I’ve since purchased a Canon 24-70mm 2.8L II USM lens, it was a toss-up between the 16-35mm and 24-70mm; I opted for the latter because I also have the 70-300mm lens and didn’t want a ‘gap’. Also, I’m no landscape photographer and felt I had less need for 16mm, especially as the main use of the lens will be in the garden I felt it would be wasted. Of course, I could also say to myself that perhaps if I had it, I’d be more inclined to try landscape photography… Do I not like it, because I don’t have the lens for the job or because simply, I’m not interested?? I know I don’t like HDR shots and it seems to be a common technique in landscape photography.

I also feel it’s worth mentioning that I have a few camera apps on my phone that I like to play around with and quite often post on a community called ‘instagram’ which is also an app – I think only for iphone, but I’m not certain; try it out yourself if you can!

Here’s one of Sheffield city centre:

25 thoughts on “About

  1. Having left a comment on your last post, to naively ask you what camera you use, I have now read your “about” page. I know I MUST get a macro lens now and accept that it will take me many more years to be as good as you. I will continue to be impressed and inspired. 🙂 x

    • Hi Ronnie,

      No problem 😉
      I mentioned on my other reply that you need not spend lots and lots on a macro lens – tbh the 100mm is pretty much the highest you can go to which is around £300-500. There’s a super-duper macro that gets so close you can see every detail on a spider’s eye – but that might be a little too much for you??!! Lol, I’d love to get that close but I’m unsure it’s the type of photography I want to do. One day, maybe.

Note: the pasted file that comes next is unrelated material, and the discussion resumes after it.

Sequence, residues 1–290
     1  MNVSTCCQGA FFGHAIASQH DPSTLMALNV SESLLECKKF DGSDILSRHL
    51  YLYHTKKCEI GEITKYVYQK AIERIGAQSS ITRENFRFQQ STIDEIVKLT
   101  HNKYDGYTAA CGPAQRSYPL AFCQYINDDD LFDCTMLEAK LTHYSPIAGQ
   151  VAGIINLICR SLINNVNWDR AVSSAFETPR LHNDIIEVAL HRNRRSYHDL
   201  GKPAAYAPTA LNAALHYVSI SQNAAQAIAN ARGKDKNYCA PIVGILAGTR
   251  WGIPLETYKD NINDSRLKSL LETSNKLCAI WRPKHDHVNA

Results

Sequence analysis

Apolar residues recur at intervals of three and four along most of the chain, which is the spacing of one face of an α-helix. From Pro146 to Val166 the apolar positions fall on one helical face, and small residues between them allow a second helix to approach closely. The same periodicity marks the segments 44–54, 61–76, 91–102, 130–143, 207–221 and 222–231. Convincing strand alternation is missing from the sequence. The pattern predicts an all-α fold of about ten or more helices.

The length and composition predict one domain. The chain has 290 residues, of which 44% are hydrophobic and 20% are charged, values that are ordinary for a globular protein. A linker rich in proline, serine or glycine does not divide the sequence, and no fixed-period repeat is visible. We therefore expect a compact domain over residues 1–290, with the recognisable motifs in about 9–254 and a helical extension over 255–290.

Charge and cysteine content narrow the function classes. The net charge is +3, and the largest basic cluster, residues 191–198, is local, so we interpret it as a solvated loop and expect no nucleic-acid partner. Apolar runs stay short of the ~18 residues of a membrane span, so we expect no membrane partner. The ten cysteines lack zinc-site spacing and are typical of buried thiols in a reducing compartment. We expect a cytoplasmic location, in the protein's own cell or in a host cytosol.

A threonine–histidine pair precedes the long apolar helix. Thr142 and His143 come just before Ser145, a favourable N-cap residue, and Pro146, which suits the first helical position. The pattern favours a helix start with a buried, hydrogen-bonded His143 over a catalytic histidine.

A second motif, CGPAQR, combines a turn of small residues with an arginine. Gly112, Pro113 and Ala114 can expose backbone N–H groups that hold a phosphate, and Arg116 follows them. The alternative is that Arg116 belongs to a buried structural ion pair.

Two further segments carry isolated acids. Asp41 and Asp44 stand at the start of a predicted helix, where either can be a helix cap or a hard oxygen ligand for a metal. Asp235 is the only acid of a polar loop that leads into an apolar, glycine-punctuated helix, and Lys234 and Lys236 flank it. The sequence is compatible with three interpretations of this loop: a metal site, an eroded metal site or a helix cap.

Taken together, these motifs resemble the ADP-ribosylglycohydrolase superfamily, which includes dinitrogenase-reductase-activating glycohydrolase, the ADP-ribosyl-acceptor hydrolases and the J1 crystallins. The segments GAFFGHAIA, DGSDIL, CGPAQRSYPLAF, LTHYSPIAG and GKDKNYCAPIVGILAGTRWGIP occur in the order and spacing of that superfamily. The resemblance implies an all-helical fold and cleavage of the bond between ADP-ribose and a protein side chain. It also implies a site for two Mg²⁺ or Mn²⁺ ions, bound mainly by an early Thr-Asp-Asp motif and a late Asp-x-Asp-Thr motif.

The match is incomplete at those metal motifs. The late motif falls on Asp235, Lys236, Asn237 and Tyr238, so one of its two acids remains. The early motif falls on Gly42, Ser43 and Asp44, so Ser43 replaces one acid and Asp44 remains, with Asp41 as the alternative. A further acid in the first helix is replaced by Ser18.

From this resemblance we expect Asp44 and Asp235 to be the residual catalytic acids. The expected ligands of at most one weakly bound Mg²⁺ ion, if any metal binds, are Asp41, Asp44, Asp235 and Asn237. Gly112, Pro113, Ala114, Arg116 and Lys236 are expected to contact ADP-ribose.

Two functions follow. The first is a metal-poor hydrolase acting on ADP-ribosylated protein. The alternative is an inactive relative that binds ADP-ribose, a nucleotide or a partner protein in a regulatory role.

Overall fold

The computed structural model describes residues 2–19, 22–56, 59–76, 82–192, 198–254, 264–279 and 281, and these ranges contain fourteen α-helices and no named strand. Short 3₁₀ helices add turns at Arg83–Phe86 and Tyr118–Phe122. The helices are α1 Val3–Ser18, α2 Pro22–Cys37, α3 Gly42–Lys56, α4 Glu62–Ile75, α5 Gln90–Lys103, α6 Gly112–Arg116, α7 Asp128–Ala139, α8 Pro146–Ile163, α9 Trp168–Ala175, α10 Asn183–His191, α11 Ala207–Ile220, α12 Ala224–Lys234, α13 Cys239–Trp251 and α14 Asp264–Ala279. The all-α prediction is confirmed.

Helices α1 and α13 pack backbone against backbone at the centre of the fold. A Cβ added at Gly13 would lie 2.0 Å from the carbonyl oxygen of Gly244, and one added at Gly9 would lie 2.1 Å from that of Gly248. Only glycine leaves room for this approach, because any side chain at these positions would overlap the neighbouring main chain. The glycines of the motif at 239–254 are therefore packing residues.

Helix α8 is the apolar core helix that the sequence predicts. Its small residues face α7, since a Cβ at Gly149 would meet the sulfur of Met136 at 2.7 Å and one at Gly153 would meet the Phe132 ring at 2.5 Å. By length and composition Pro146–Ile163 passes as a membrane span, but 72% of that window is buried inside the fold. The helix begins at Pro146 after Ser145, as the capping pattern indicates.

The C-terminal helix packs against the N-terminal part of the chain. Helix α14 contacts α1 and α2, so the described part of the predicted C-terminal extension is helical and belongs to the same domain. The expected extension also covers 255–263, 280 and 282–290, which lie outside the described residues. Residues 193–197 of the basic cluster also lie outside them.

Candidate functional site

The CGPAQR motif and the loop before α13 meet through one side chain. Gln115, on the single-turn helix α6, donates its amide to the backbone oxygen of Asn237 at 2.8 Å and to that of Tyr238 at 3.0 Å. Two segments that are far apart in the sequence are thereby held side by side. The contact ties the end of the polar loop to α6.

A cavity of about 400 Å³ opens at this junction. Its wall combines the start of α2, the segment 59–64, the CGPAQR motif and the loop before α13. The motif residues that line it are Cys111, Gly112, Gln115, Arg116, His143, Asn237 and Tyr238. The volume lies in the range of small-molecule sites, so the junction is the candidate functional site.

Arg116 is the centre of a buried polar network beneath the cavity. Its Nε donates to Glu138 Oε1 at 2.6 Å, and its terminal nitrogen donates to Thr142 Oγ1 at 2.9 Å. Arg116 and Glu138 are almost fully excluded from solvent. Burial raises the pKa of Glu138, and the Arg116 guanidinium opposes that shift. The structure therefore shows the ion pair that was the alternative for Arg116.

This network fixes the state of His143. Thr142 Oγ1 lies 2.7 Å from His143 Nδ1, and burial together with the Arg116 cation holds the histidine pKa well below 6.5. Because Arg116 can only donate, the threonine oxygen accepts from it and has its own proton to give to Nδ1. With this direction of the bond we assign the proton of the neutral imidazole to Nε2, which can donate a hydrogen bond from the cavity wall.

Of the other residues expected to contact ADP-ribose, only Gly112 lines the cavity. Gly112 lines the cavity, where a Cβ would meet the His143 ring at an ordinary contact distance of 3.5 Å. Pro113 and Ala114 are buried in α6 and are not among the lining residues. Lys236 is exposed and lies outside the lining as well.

2. Hi, loving your images, I need a new camera myself, and to learn how to use it!

    I’m in Sheffield too and use to live near Meersbrook Park many moons ago – I now live in Norfolk Heritage Park!

    Loving the blog!

    • Hi,

      Thanks for visiting; I don’t live too far away from Norfolk Park, although I’ve never been before! Instead I like to make my way back to Meersbrook or Graves 🙂

  3. I stumbled upon your blog today, and I wanted to let you know how much I admire your photos. You really do produce some amazing images and I am now looking forward for more posts from you.

  4. Hi,
    Where should I start? Well, I love your pictures and your description of how you got on the path you are now taking. I also thought at one time that i could work a job and just make money to live, but it didn’t work for me either. I can honestly say I am an author, since I have had my first short story published by a Canadian publisher. You live in Engliand and that is nice. Even though I am an American, I am living in Germany. I have started following your blog and look forward to your next publications. I am not a photographer, but I am a writer and blogger. You can read my work at http://garciaandwalkon.com, a wordpress blog or on Typepad -www.patgarciaschaack.com. Just as you love photography and Urban Design, I love writing. I have six blogs and love each one of them, and writing short stories and novels are also included.